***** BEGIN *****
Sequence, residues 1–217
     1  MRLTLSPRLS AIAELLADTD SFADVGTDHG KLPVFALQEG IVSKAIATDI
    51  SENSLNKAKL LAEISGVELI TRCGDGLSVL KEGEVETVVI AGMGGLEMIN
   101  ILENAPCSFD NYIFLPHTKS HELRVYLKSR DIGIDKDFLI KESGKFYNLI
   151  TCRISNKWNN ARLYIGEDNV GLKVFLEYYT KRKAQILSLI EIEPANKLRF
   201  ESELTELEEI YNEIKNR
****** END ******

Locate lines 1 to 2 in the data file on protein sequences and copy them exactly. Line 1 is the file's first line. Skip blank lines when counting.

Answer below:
Sequence, residues 1–217
     1  MRLTLSPRLS AIAELLADTD SFADVGTDHG KLPVFALQEG IVSKAIATDI